By Kamran Shah, Partner, Penman Sedgwick LLP

Flat owners in high-rise (and other less substantial) blocks are still having to contend with the risk to life 4 years after the Grenfell Tower fire, as well as the continuing difficulties in selling or remortgaging their flats.

Whilst there was revised guidance issued in March 2021 by the Royal Institute of Chartered Surveyors (RICS) to ensure that only those blocks where there are risks of costly remediation as a result of safety concerns from cladding are subject to additional checks, and therefore to reduce the number of wall safety surveys (known as ESW1s) being requested by valuers on behalf of Banks and Building Societies, this has not had the desired effect. Flat Owners are still being asked for ESW1s where there appears to be little or no flammable material attached to their blocks, and there is no obligation on valuers and lenders to follow the guidance issued by the RICS.

The Government’s £5bn fund to protect Flat Owners from the costs of cladding remediation has also been largely untouched as managing agents and other stakeholders are concerned that all the associated costs around cladding will not be covered by the fund.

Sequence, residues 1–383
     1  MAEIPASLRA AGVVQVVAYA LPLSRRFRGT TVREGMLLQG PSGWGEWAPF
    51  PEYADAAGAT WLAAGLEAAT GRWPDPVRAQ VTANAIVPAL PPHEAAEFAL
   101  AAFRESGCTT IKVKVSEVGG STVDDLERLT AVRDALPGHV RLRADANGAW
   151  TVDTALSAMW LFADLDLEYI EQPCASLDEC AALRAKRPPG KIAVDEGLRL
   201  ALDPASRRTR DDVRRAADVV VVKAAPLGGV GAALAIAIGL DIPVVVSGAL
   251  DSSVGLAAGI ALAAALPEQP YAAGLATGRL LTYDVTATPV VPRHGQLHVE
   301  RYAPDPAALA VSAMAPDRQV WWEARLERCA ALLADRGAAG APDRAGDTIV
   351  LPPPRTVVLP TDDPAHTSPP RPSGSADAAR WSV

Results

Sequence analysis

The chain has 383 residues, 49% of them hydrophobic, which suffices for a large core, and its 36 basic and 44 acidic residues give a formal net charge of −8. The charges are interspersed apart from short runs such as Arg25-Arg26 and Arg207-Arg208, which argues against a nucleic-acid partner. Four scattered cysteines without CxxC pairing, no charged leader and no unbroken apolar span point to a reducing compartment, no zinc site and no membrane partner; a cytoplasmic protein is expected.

The continuing uncertainty means that Flat Owners are paying for interim safety measures including patrols and alarms, which does not in any way actually resolve the cladding issue. A very recent announcement by the Government is a consultation on one of the recommendations from the Grenfell enquiry on introducing personal emergency evacuation plans (PEEPs) in high-rise residential buildings. PEEPs seek to provide people who cannot get themselves out of a building unaided with a bespoke escape plan in a fire emergency. PEEPs in the workplace are already the norm, but they are not usual for high-rise residential blocks. This is adding another layer of financial pressure upon Flat Owners.